Payday Advance Loan Providers May Soon Have Friends in Washington
In recent years, payday advance loan providers have been up in arms with the federal banking regulators trying to put restrictions to the industry.
Under the Republican-controlled White House and Congress, non-bank lenders might be facing more regulatory limitations that could turn all the efforts of cracking down on low-income Americans upside-down.
At present, payday lenders are standing against the banking regulators because they believe that they are organizing a back-room campaign to force banks into breaking all business ties with them.
The Office of the Comptroller of the Currency, the Federal Reserve and the Federal Deposit Insurance Corporation are 3 of the leading federal banking regulators that the motion is seeking to block from continuing their 3-year campaign to drive high-interest, short-term lenders out of business.
Advance America, one of the largest payday lenders, states that it has lost partnerships with 5 banks in the recent weeks including BBVA Compass and US Bancorp.
The non-bank lenders are heavily reliant on their ties with powerful national banks to make sure that they are able to withdraw payments from the accounts of their borrowers, according to Valenti.
For years, payday loans have been a topic of interest. The loans are generally provided in values of $500 or less and directed towards the low-income borrowers. Since their credit scores are low, payday lenders are their only solution. Poor Americans use the loan money to take care of short-term needs, such as paying bills.
Irrespective of the case, the volume of these loans has been on the decline over the recent years. Just last year, payday lenders gave approximately $40 billion in loans and experienced a 14% drop from 2013. According to CFPB, borrowers bounce from paycheck to paycheck for a minimum of 5 months when they take a loan for payday lenders. Due to high rate of interest, they also end up repaying a lot.
The November 8 elections proved to be a sweeping victory for Republicans and attempts have been made to reel in the predatory lending practices. In 2011, the CFPB was incepted as a part of Consumer Protection Act and Dodd-Frank Wall Street Reform. It has been the target of a lot of scorn by Republican allies and lenders. The efforts are at risk now.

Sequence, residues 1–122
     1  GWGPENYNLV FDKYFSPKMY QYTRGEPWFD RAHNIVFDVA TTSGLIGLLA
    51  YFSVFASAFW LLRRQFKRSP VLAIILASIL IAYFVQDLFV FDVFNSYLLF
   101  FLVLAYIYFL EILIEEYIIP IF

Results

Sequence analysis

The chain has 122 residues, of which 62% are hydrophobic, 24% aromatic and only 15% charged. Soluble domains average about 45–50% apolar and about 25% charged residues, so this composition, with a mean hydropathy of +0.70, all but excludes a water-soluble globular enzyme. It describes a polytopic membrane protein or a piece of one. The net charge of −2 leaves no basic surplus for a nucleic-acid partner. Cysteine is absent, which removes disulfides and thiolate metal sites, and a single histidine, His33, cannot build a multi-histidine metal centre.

For instance, the CFPB declared a proposed rule in June to attempt to remove predatory debt traps from payday loans. The proposal will need lenders to carry out a full payment test to make sure that borrowers are able to handle loan terms while continuing to cover their basic expenses. This measure is directed towards decreasing the propensity of these borrowers of taking out more than one loan over a period of time.
However, the proposal is still being reviewed by CFPB. Since it is unlikely that the rule will be in effect, the Republicans are going to have a lot of time to dismantle the organization’s efforts.
After taking office in January, President-elect Donald Trump might try to replace, Richard Cordray, CFPB’s head, with a director who is industry-friendly. Trump administration may also replace a single director on a commission where the representatives of the industry might win seats.
It is more likely that the Republicans are going to simply implement riders in appropriation bills in the future to defund certain activities of the CFPB or even exempt the payday lenders from CFPB’s oversight. In the past, the house Republicans has tried the same thing, but the riders had to be removed due to the threat of veto by Barack Obama, the President.
Valenti said that thee numerous ways by which the CFPB can be tripped up by the next administration.
Now that efforts are there to regulate oversight for payday advance loan providers, it should get a whole lot easier for poor Americans to secure a loan.